Behind every great business is a great team, but fostering a cohesive group can be a challenge. Assessing your team and actively implementing change are both key to taking your returns to the next level.
From an early age we are taught the importance of teamwork (there’s no “I” in team!), but rarely do we delve beneath the surface to analyze the specific benefits of teamplay versus individual efforts. Understanding team dynamics and what makes them work can lead to greater innovation, increased ROI, and happier employees. Here’s why business leaders need to refocus on the engineering of a harmonious, productive team.
Why Teamwork Matters
It may seem obvious, but reminding yourself of the importance of solid team dynamics can help realign your business direction and get everyone on the same page. As a leader, it is up to you to make sure that your team stays cohesive and focused — a dysfunctional team dynamic can often be traced back to leadership, as Dynamic Teamwork Delivers explains.
That’s why it’s so important to remember that good leadership reaps tangible benefits. With well managed, diverse teams (and diversity is critical here), companies experience drastically improved organizational and financial performance, according to a report by the Australian government. Balanced and varied teams can see up to a 66% higher return on invested capital than homogeneous and disorganized ones, according to PwC.
This is because a good team, powered by diverse experiences and expertise, is inherently more innovative and driven, as Scientific American explains. This is true not only in terms of sex, race, age, and so on, but also in terms of personality and intellectual diversity, as reported in Harvard Business Review. Blending teams with a range of thinking styles will lead to the most creative problem solving.
High performance is also linked to the ways team members interact with one another. Research is beginning to shed light on just what exactly makes members click.
Communication is key. Alex Pentland of the Harvard Business Review measured team dynamics at MIT’s Human Dynamics Laboratory with electronic sensors. Pentland discovered that great teams communicate frequently, take turns talking and listening, engage regularly in informal communication, and connect with resources outside of the team itself.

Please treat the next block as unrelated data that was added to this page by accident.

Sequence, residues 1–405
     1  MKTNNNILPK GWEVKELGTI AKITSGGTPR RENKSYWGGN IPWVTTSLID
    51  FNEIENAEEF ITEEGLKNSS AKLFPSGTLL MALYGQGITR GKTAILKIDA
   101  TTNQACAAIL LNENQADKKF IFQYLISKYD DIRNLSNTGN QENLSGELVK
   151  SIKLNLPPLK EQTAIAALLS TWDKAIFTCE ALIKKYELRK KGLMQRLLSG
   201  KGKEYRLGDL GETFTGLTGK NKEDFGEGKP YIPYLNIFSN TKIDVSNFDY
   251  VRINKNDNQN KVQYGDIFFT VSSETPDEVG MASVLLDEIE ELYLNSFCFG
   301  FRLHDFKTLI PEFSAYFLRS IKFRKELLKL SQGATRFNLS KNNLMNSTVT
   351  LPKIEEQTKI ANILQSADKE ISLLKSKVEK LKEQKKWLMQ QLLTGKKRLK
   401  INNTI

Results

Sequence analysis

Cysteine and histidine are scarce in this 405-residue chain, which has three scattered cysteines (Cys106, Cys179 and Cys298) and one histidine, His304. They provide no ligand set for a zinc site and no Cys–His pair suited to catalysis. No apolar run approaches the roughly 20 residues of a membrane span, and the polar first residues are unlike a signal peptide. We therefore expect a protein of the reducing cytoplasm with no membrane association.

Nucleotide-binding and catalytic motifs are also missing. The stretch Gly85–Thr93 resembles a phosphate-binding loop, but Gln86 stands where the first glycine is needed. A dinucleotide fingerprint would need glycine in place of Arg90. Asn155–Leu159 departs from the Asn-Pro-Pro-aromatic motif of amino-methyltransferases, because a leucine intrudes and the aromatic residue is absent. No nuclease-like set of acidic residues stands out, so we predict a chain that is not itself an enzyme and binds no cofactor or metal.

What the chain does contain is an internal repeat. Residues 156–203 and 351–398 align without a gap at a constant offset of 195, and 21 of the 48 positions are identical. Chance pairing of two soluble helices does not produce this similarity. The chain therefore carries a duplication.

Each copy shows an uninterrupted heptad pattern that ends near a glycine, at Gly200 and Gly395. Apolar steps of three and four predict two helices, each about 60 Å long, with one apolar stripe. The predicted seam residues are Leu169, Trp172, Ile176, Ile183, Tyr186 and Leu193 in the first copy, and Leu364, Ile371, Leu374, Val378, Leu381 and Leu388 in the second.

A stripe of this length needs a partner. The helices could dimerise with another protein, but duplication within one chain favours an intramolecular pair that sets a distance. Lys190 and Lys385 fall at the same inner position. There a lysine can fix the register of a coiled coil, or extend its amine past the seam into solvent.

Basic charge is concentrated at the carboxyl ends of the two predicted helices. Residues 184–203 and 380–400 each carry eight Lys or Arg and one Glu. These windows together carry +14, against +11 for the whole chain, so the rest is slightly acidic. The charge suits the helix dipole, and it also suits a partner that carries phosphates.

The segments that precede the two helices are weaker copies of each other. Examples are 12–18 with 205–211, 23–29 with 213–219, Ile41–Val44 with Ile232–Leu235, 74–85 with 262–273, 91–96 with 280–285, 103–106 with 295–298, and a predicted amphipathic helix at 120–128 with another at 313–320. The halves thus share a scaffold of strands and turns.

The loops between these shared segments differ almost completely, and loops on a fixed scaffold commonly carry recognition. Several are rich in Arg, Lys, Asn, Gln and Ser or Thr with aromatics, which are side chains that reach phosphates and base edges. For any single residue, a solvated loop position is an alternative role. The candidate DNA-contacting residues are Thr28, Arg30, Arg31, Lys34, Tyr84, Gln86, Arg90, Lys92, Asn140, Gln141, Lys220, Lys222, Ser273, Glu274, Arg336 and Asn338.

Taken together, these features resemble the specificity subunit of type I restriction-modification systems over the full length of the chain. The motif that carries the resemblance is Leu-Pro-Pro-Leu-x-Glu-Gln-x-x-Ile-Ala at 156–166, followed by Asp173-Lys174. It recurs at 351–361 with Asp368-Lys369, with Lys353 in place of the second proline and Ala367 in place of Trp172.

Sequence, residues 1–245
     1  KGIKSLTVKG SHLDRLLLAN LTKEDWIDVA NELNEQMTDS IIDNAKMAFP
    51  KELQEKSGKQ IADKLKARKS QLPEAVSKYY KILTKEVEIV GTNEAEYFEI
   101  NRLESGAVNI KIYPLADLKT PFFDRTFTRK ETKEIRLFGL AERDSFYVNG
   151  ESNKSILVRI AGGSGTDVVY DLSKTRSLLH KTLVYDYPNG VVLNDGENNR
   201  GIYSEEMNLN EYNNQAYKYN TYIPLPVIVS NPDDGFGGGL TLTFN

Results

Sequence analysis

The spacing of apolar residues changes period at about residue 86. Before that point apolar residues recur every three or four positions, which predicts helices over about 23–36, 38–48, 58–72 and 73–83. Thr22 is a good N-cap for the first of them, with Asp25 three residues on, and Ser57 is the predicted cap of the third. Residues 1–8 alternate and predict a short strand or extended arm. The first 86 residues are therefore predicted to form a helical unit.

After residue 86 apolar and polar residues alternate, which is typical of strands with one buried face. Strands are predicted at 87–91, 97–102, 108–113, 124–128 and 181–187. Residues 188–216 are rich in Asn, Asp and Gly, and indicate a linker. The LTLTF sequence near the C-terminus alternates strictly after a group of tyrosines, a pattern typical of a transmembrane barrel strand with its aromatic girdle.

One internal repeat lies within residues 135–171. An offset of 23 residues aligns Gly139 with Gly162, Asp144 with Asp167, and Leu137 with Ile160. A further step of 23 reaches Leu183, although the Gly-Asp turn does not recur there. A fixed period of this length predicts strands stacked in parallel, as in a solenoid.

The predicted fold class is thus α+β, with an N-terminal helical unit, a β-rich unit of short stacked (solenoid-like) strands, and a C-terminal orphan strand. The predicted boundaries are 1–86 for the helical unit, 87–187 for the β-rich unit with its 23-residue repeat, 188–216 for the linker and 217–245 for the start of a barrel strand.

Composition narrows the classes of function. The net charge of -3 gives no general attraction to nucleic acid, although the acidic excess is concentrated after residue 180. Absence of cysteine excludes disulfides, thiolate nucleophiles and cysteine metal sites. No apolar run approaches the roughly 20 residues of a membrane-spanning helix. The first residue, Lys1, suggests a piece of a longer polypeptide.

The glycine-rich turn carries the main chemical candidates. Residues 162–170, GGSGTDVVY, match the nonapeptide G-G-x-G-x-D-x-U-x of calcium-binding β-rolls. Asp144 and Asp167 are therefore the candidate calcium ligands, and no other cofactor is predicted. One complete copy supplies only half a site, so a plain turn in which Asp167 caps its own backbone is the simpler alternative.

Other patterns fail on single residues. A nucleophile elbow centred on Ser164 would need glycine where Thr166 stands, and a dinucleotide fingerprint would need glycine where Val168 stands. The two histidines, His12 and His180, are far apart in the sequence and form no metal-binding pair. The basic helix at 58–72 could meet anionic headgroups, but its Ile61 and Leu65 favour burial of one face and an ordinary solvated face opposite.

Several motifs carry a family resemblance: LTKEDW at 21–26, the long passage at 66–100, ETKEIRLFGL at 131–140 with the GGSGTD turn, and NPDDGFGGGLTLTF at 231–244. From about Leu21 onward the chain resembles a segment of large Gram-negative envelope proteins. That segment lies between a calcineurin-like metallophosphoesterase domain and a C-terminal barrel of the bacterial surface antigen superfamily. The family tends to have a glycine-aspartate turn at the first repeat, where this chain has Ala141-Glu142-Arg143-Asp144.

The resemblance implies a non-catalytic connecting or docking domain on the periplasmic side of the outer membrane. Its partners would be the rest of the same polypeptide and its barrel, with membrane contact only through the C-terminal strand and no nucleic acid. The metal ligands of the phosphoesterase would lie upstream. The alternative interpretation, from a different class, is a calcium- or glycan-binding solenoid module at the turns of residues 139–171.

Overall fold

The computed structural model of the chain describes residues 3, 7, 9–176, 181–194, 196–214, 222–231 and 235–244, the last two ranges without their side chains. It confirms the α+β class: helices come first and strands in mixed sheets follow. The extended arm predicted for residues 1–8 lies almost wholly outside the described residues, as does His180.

Most importantly, how teams communicated was far and away the best predictor of success, and just as important as all other factors combined (intelligence, personality, skill, and content of discussions). Pentland and his team found that they could predict with surprising precision how well a team would perform based only on the data from their sensors.
These findings highlight the importance of business leaders taking a proactive role in bringing the best teams together and ensuring that they continue to perform at a high level. As is often the case, even the most effective teams can find themselves in a rut, and it falls on the leadership to reinvigorate the group dynamic in order to produce better results.
The first step is assessing the climate and morale of your team. Meet with employees and learn what is working for them and what isn’t, and why. Discuss their ideas for improving the dynamic. Make sure that the objectives and goals of the team are crystal clear, as well as your plans for reaching them, as Malik Bilal advises on LinkedIn Pulse. Empower each and every member with respect and recognition, and stay flexible to accommodate the ever-changing needs of a project.
Sometimes it is necessary to turn to outside resources, as Pentland and his team suggest. Inviting the most influential business leaders to speak to your team — no matter how big or small it may be — and to share their skills and expertise can make a world of difference. Look to speakers bureaus like BigSpeak to hire the best leadership and keynote speakers to reinvigorate your team.
Ken Sterling is the Chief Marketing Officer at BigSpeak Speakers’ bureau – the leading keynote and business speakers bureau in the world. He holds a Ph.D. from the University of California and an MBA from Babson College. Ken teaches Entrepreneurship, Marketing and Strategy at UC Santa Barbara. He is a serial entrepreneur, keynote speaker, business consultant and sales & marketing expert. For press interviews, contact firstname.lastname@example.org.
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